We split into two boats with three of you with me and three of you with Moyo. It was fairly quiet as we motored up the river until we reached the place where the Rio Tuquesa joins the Rio Chucunaque. Here we lucked out and got to watch a Tayra (member of the weasel family) high up in a Cecropia tree until it eventually climbed down and disappeared. What an incredible start to this day! Minutes later we disembarked and climbed up to a shady overlook to begin playing the call of Dusky-backed Jacamar…a lifer for me, when it finally showed up! Canopy Camp Darién guide Nando Quiroz discovered this pair a year ago. In a bamboo thicket, we managed to see the elusive Bare-crowned Antbird that had driven us crazy yesterday. As we meandered down this great trail, we picked up new birds and had better looks at some species we had already seen on this tour; among them were Gray-cheeked Nunlet, Rufous-tailed Jacamar, Northern Barred-Woodcreeper, Yellow-breasted Flycatcher, and Golden-collared Manakin. As we approached the long narrow forest lagoon, we saw a Green Ibis, and then near the far end of the lagoon we took a quick break on a nice bench overlooking the water.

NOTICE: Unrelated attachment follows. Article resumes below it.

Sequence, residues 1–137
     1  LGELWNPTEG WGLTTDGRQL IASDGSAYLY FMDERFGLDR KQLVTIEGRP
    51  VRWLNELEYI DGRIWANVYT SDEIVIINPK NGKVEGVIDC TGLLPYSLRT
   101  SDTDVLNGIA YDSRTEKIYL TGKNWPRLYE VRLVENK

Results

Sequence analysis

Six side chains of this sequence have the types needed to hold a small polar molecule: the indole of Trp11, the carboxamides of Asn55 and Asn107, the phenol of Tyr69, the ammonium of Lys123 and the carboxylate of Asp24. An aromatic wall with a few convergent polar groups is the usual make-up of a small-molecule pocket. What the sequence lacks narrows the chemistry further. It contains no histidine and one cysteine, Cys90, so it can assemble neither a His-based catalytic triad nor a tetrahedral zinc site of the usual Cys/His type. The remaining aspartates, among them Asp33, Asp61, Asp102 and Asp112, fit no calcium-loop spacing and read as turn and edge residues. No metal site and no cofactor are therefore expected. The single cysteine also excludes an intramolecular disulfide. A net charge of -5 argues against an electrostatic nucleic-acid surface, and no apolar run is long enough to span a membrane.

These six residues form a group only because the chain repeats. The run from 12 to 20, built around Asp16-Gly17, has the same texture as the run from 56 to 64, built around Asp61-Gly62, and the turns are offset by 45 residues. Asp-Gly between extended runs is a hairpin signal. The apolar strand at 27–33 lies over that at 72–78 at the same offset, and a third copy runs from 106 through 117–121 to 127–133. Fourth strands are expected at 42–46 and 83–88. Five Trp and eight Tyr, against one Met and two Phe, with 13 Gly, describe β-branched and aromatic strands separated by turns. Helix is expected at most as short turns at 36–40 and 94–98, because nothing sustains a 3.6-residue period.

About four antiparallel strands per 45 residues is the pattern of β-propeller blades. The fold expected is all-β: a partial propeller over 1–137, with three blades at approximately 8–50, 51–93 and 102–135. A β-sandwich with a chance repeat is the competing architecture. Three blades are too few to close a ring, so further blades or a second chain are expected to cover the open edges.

A large group of Greater Anis was seen by all, but then we split up with several of you walking along the lagoon edge with Moyo. His group saw Bicolored and Spotted antbirds, Black-crowned and Black antshrikes, and American Pygmy Kingfisher. The group that stayed with me saw a Cocoi Heron, Golden-winged Warbler, Plain Xenops, and Spectacled Caiman. When the group rejoined, we had the usual snack and drinks and then found Moustached Antwren before heading to the Native Indian village of Nuevo Vigia.